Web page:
• 300g Rosscarbery Recipes Black Pudding, diced
• 500ml/18fl oz Beamish Stout (1 can)
• 120g/5 oz organic raw cane sugar
• 4 tbsp Bandon (or at least Irish) butter, melted
• 3 dessertspoons of baking powder & bring up to 700g / 24 oz with Macroom Flour
• 200g/7oz Carbery Special Reserve Cheddar or Dubliner, grated
1. Preheat the oven to 50° C or as low as possible. Line a 20.5/8 in cake tin with removable base with greaseproof paper or 4 x 1lb loaf tins.
2. Mix the cheese, sugar, flour, and stout into a bowl (in that order). Use either a food mixer or wooden spoon, but if you have neither of these, it can be done with your hands. The dough will not look like normal bread dough, but very wet and sticky.
3. Mix in the pudding with a spoon (the food mixer breaks it up too much). Put the dough into the tin(s). Level. Leave the tin(s) in the oven for 35 minutes. If you forget it for another 10 minutes, it won’t do the dough any harm.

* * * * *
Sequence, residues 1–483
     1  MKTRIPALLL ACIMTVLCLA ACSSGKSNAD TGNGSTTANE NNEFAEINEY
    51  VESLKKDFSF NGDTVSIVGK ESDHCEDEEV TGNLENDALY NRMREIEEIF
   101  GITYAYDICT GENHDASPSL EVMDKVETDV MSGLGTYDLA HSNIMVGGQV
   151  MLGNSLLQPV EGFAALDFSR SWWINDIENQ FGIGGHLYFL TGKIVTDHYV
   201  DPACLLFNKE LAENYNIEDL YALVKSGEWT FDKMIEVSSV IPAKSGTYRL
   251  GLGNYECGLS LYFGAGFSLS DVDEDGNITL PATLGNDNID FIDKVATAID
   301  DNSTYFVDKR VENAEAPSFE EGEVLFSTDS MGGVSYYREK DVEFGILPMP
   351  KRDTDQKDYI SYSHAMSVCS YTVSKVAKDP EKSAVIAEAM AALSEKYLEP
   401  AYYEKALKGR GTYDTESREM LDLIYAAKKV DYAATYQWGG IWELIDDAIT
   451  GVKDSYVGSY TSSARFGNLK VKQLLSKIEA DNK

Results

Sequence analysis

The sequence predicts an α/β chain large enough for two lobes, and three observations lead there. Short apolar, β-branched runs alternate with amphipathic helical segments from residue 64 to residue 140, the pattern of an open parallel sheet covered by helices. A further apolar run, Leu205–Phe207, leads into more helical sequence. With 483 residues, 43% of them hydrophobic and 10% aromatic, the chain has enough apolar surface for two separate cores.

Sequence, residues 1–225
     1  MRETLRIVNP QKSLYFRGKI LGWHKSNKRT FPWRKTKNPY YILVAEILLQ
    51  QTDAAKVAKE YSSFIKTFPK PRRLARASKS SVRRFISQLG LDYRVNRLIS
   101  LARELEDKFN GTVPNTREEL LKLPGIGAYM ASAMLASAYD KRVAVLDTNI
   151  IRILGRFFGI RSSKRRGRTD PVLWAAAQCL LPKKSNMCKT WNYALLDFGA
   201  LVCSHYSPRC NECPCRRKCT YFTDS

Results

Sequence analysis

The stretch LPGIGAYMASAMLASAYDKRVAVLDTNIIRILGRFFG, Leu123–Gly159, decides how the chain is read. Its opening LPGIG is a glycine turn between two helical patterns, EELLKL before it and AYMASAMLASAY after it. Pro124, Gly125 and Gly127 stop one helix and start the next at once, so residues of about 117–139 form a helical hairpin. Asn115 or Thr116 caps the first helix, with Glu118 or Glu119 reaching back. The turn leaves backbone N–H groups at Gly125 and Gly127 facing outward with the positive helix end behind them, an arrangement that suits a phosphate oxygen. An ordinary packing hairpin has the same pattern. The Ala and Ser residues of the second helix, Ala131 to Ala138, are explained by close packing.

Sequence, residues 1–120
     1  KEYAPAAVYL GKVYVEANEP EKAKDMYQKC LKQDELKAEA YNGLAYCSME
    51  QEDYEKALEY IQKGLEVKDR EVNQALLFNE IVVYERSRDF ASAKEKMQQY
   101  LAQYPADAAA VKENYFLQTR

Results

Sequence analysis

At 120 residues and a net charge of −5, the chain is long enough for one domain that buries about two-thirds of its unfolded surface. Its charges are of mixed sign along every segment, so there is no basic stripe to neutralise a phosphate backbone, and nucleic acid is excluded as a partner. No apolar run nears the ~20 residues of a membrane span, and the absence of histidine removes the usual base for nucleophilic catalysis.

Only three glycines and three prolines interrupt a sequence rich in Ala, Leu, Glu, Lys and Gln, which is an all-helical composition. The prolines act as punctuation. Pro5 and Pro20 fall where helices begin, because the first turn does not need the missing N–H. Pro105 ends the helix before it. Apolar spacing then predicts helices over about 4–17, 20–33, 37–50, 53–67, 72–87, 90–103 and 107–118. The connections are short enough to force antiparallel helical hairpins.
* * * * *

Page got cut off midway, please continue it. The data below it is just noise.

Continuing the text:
4. Increase the oven temperature to 180° C / 350° F / Gas 5 (there is no need to remove the tin(s) from the oven while increasing the temperature).
5. When the oven has reached the temperature, continue baking for another 40 minutes, then drizzle the melted butter over the top of the bread. Continue baking for a further 10-15 minutes, until the top is golden brown and sounds hollow when you tap it.
6. Serve warm or cold.
If you are tempted to weigh the flour into the bowl first and follow with the other ingredients, I’ve found that some of it will ‘cake’ at the bottom, ergo my weighing order.
I did consider naming this bread after myself, but think ‘Cork Bread’ is more accurate and less boastful.
I used to make this bread with self-raising flour, but as you will see from the note below, this is when I changed the recipe:
20 February, 2012: I’ve just made my first batch of this bread using Macroom Wheatmeal flour to which I added baking powder (6 teaspoons powder & bring the flour weight up to 700g in total). It works but a little heavier than the original! So now it’s even more ‘Cork’.